git-svn branch

Dear Lazyweb,

how do I push a local git branch to a new svn branch? The other way round is quite easy and well documented but I didn’t find a single document describing what I want to do.

I’m working with an svn repository with standard layout. I use git-svn to be able to use git locally. Until now I’ve always had my master branch reflect the svn’s trunk. For every new feature, I created a local git branch, merged with the master branch when I was done and dcommit’ed it to the svn’s trunk. But now I need to publish an experimental feature which should not yet go into the trunk so I have to publish my local git branch to an svn branch.

I tried git-svn branch foo in the local git branch and it created a svn branch/foo for me but not from the current git branch but from the current master (remote/trunk). That’s of course not what I wanted, I wanted to push the current branch where I’m in and have it linked to the remote svn branch.

Neither the manpage of git-svn nor some documentation in the web helped me. I even found a pretty detailed document which describes each and every aspect of git-svn but unfortunately not mine.

Is this use case so unusual that no one else uses git-svn this way or is it my weak git-FU?

7 thoughts on “git-svn branch

  1. Björn Steinbrink

    git-svn supports that only since 1.6.1, which introduced new “git svn branch” and “git svn tag” commands. I have two ugly shell hacks to do that with older git versions, but seriously, just upgrading git if you’re on an older version is a better idea.

  2. Björn Steinbrink

    Argh, brainfart, I somehow completely missed the third paragraph :-(

    The “git svn branch” part is really just the branch creation (like “svn cp trunk branch”). After that, you should have a new remote tracking branch (see “git branch -r”) and can rebase your stuff onto it, like:
    git rebase –onto $new_svn_branch master $git_branch

    What that does is that it turns the commits in the range master..$git_branch into patches, applies them on top of $new_svn_branch and then updates $git_branch to reference the result.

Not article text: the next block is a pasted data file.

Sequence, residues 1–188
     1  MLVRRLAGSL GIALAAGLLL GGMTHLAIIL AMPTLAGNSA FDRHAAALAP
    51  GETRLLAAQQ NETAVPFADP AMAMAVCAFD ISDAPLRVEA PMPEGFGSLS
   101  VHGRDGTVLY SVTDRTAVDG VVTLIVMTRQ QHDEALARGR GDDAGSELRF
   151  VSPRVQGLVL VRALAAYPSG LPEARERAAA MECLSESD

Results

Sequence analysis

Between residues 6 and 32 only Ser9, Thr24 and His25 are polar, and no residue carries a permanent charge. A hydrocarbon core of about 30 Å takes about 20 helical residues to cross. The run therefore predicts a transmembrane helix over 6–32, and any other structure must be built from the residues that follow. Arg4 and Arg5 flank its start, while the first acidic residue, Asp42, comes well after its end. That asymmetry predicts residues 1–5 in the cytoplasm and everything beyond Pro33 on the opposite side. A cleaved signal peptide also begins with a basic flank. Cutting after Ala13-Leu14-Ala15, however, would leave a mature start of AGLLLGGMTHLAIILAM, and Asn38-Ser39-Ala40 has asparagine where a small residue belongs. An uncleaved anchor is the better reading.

And then “git svn dcommit -n” should tell you that it’s going to dcommit your stuff to the new svn branch.

  3. Cameron

    I had to do this recently, and only having git 1.5 I couldn’t use “git svn branch”. If it’s not working for you (or for anyone else stuck on 1.5), then try what I did: use the old “svn cp” to create a new branch (which is easy since you don’t need to check anything out to do it). Then “git svn fetch” to retrieve the new branch and “git checkout -b remotes/”. Then you can do as Bjorn describes and rebase your local git branch’s commits onto the new branch and dcommit them. Good luck!

  4. Cameron

    Sorry, some of my variables got removed due to the angle brackets I used. The checkout command should be “git checkout -b new_branch remotes/new_svn_branch”, but you probably new that. :)

  5. Kimb

    1. checkout the commit in the main branch you started your git-branched work from
    2. git svn branch svn-branch-name
    3. checkout your git branch
    4. rebase onto svn-branch-name
    5. dcommit

  6. Pingback: Creating a new Subversion branch from an existing local Git branch « Barking Iguana

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